Twyla Moves, the documentary story of the life and career of Twyla Tharp, had its world premiere at SXSW on March 17th. Steven Cantor, Emmy-winning and Oscar-nominated filmmaker, crafts a piece using archival and current day footage to give us a look into the life of the acclaimed dancer, choreographer and director.
Twyla Moves opens in April, 2020 with Twyla Tharp creating a dance via zoom with four dancers in four separate locations after the pandemic necessitated quarantine. Herman Cornejo, Maria Khoreva, Benjamin Buza, and Misty Copeland all answered the challenge. As she was choreographing this dance, we are treated to the earliest film of Tharp dancing with her own voice as the narration, as well as taped interviews. Twyla Moves toggles seamlessly between the early days and the current times to show us the evolution of her dance which mixes modern dance and ballet. Although she began dancing in New York after college in 1963 – living in a Franklin Street ‘loft’ for $50 a month – it wasn’t until 1965 when she formed her first dance company that she began to get the kind of attention that would propel her to greater heights. That first company, Twyla Tharp Dance, was all women “because we didn’t want to be told what to do”.
In 1973, Robert Joffrey asked Tharp to choreograph a dance for the Joffrey Ballet and this is where the real combination of modern dance with ballet occurred. Over the ensuing decades, she would go on to choreograph more that 160 works, including Broadway shows, movies, figure skating and television specials in addition to ballets.
In a particular montage from 2020 early in the movie, the 79-year-old Tharp does warm-up exercises in preparation to dance herself. I was exhausted just watching her move. Twyla Tharp continues to have an infinite well of energy as she plots the next stop in her creative journey. As Misty Copeland said, “Even in this stage of her career and her life, she’s setting the standard for where dance is evolving to.”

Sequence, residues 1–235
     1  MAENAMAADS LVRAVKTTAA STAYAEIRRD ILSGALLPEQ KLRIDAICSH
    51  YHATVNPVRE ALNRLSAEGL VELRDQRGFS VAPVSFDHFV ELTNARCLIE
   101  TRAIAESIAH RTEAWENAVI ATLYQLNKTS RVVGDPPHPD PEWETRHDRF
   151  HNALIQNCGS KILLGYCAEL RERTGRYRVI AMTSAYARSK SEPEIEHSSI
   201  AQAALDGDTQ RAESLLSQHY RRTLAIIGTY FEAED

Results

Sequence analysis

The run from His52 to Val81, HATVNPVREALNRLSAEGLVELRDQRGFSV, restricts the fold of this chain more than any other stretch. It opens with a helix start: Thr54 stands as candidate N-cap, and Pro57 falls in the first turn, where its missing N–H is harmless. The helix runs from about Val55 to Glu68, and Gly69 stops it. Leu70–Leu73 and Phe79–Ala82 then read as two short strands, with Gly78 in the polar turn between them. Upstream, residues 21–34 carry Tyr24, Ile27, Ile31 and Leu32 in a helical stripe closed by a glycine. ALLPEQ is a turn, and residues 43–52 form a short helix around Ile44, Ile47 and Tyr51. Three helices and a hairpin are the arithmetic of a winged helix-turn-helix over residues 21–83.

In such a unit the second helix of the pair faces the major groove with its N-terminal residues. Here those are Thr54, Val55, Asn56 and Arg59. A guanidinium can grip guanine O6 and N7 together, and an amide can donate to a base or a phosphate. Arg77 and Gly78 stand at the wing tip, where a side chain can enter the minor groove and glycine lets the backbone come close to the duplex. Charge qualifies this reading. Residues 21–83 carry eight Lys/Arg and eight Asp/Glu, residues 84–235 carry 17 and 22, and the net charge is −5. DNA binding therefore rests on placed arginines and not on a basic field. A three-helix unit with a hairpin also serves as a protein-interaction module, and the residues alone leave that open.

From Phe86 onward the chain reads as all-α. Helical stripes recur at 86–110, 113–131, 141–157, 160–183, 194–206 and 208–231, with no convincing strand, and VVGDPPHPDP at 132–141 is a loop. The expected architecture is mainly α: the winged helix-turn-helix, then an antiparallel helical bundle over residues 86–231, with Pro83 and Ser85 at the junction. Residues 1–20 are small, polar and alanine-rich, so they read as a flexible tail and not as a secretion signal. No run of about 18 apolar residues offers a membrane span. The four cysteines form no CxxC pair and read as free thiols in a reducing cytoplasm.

I found this to be a fascinating documentary and I really enjoyed Cantor’s storytelling choice to interweave the old and new footage. I discovered that Twyla Tharp’s creativity and fearlessness have been the keys to her long career in dance. I can only hope to be like her when I grow up!
Twyla Moves is streaming on PBS until April 23, 2021 as part of the American Masters series.
If you’re into intricate storytelling that involves a technological future that doubles as a dystopian society, then MADE FOR LOVE is made for you. Lucky enough to view the first few episodes of this upcoming HBO Max gem, this shit kicked off our SXSW 2021 in some type of crazy headspace.
Imagine: A scattered, confusing beginning as a woman hoists herself out of the ground, sopping wet as she splays out on a dry, dusty desertscape. She has escaped a cluster of shiny buildings, which you can see in the background.
Cut to a different time. What looks to be routine morning escapades with the most pretentious man you know, followed by watching him swimming laps with a dolphin in his pool. The man? Byron Gogol (Billy Magnussen), the owner of a tech company that is pronounced astoundingly familiarly. His advancements in technology seem to be changing the dating landscape, on top of many other big accomplishments in his career. But his empathy, his ability to communicate healthily, is obviously insufficient. Early on, you see a crazy in his eyes that makes you feel like this escape from reality might hit a little closer to our technological home than planned.
But the entirety of that first episode is dedicated to understanding this woman. Who is she? How did she get here? Why is she subject to invasive questions by a creepy algorithm? Why is her life being determined by someone that isn’t her? Why does everything feel cold in this strange, structured world?
The first episode of MADE FOR LOVE will throw you back and forth over a short window of time, a fun way to create mystery in the storyline. I was initially drawn to view the show by the listed cast. How I Met Your Mother fans will rejoice in the knowledge that Cristin Milioti is top-billed as the protagonist, Hazel Green (a naming choice that does not entirely evade us).